The student voice of Washington State University since 1895

The Daily Evergreen

The student voice of Washington State University since 1895

The Daily Evergreen

The student voice of Washington State University since 1895

The Daily Evergreen

‘Anybody who knows me knows I’m the world’s biggest marching band nerd’

Jon Sweet hired as Cougar Marching Band’s newest director
Cougar Marching Band’s new director Jon Sweet leading the band as they prepare to take the field for a pregame performance at a home WSU football game, Sept. 16, in Pullman, Wash.

Cougs and non-Cougs alike have seen Cougar logos spread across the field for the last few home football games, formed by over 200 members of WSU’s Cougar Marching Band. The one who directed these formations is Jon Sweet, the band’s newest director.

The CMB, which performs at all home football games, men’s and women’s home basketball games and women’s home volleyball games, has had Sweet as their new director for several weeks. Sweet said the band will also perform at approximately six soccer games this year.

Sweet said he intends to benefit WSU, the band, the students and the fans with every change he makes to the CMB.

When fans feel a connection to the Cougar head logo, it is not just something on the field, but also something they are, Sweet said. The fans do not just see the logo; they see their peers forming the logo, creating a feeling of pride and connection.

“We’re the heartbeat of what goes on during gameday. We want to make sure all the teams we support, whether it’s football, or volleyball, or basketball, or soccer, whatever it is, that those players feel energized and our fans feel energized,” Sweet said. “Keeping those traditions alive is paramount to what we do.”

Sweet said each halftime show will look different but remain a surprise to amp up the anticipation.

Sweet’s primary instruments are the euphonium and baritone horn. He received his undergraduate degree in music education from Abilene Christian University in Texas and his master’s and doctorate degrees in conducting from Stephen F. Austin State University and University of Kentucky, respectively.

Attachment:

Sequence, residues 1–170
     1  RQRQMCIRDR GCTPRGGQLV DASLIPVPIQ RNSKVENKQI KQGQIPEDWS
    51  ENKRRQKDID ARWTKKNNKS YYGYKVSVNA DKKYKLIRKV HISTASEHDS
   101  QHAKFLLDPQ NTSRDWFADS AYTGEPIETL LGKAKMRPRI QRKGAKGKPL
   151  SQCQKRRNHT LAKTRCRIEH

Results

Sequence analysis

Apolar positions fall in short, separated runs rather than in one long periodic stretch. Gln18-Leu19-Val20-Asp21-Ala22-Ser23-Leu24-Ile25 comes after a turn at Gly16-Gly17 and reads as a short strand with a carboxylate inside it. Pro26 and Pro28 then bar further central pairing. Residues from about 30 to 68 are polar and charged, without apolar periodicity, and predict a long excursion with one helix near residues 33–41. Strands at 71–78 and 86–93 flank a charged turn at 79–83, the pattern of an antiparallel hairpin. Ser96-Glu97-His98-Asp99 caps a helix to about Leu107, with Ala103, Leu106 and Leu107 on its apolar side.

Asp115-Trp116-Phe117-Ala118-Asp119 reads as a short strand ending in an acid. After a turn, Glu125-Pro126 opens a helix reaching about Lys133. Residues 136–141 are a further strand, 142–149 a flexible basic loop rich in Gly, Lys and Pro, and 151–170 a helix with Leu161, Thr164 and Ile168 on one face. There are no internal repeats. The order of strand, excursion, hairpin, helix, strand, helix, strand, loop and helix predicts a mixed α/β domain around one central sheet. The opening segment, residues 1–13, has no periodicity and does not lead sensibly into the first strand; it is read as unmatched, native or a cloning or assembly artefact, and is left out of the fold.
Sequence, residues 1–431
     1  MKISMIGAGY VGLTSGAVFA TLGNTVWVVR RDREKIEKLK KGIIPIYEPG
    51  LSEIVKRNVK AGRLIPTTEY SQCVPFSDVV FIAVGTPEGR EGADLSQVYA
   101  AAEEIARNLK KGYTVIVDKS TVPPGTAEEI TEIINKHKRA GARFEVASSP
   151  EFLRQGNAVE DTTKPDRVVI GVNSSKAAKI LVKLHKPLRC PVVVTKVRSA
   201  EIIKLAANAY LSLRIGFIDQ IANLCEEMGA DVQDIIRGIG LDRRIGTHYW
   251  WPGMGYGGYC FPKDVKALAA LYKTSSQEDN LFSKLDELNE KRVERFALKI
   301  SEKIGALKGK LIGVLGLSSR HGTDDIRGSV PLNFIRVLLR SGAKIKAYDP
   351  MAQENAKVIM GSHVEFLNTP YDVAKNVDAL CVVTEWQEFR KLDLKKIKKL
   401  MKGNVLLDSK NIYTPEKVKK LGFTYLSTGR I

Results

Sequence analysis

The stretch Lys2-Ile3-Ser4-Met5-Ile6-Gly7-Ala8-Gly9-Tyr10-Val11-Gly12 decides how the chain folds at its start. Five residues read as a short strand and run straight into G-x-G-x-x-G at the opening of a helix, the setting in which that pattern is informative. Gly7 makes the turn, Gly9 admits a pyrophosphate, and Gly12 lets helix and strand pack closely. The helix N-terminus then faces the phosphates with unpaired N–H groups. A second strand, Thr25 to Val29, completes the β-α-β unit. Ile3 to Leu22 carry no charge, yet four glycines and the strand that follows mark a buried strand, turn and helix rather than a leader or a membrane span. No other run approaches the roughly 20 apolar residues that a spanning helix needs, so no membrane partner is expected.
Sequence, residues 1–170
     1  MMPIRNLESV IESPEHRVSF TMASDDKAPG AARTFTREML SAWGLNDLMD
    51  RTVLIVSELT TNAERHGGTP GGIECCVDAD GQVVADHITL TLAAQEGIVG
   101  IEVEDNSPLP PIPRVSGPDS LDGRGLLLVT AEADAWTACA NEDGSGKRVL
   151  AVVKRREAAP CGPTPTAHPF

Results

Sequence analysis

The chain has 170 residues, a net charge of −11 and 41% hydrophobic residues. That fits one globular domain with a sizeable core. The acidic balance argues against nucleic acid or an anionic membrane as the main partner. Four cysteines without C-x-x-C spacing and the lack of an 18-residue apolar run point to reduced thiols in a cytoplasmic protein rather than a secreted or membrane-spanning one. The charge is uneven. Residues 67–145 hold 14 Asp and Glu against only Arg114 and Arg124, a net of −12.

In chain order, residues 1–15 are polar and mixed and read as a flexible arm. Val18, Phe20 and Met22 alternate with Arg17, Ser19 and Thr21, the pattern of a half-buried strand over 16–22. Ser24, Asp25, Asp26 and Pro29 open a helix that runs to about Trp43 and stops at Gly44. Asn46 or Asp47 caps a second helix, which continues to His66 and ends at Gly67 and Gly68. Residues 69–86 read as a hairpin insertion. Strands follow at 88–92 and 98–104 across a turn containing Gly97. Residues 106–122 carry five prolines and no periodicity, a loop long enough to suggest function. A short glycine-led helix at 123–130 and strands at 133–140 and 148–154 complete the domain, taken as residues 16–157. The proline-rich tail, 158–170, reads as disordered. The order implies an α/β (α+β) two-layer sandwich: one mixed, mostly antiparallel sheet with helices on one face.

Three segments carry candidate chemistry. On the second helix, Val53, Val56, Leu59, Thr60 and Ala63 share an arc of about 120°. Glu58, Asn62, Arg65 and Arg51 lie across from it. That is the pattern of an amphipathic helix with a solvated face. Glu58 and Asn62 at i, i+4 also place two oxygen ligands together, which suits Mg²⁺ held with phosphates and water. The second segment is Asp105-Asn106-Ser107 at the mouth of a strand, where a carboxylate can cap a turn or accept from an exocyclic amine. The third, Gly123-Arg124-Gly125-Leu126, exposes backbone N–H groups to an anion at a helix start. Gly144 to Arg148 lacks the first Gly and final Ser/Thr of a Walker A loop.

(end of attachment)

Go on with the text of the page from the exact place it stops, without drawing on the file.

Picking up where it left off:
He said by the time he was a finalist for the CMB director, he had researched the band. This research, alongside his experiences with the band during his application and interview process, greatly intrigued him. When he boarded a plane after one such experience in Pullman, he was convinced he would become the band’s director if offered.

After an approximately six-month-long application and interview process, Sweet said he was sold on becoming the CMB’s next director.

“Anybody who knows me knows I’m the world’s biggest marching band nerd. Ever since I was in high school, people were like, ‘Oh that’s Jon, he loves marching bands.’ I adore the activity. It’s a lot of fun,” Sweet said. “I think it’s providential that I got to come here and teach at this awesome place.”

Under Sweet, CMB’s traditions will proceed but also acquire enhancements, he said. The band is also unearthing and constructing their own traditions as time progresses.

Current traditions include the majority of the football pregame songs, the newly-added Cougar head logo formation during pregames and the in-band custom of singing “Washington, My Washington,” Sweet said. However, there are many additions, including the “Cougars” script formation, the playing of “America The Beautiful” during the pregame performance and the “Go Cougs Go” song, a parody of the Chiacgo Cubs’ “Go Cubs Go.”

Sweet said he appreciates variety and change, even in the food the band eats.

“This band used to eat a whole lot of sandwiches all the time. There’s nothing wrong with that, but I wanted to make sure we had variety,” Sweet said.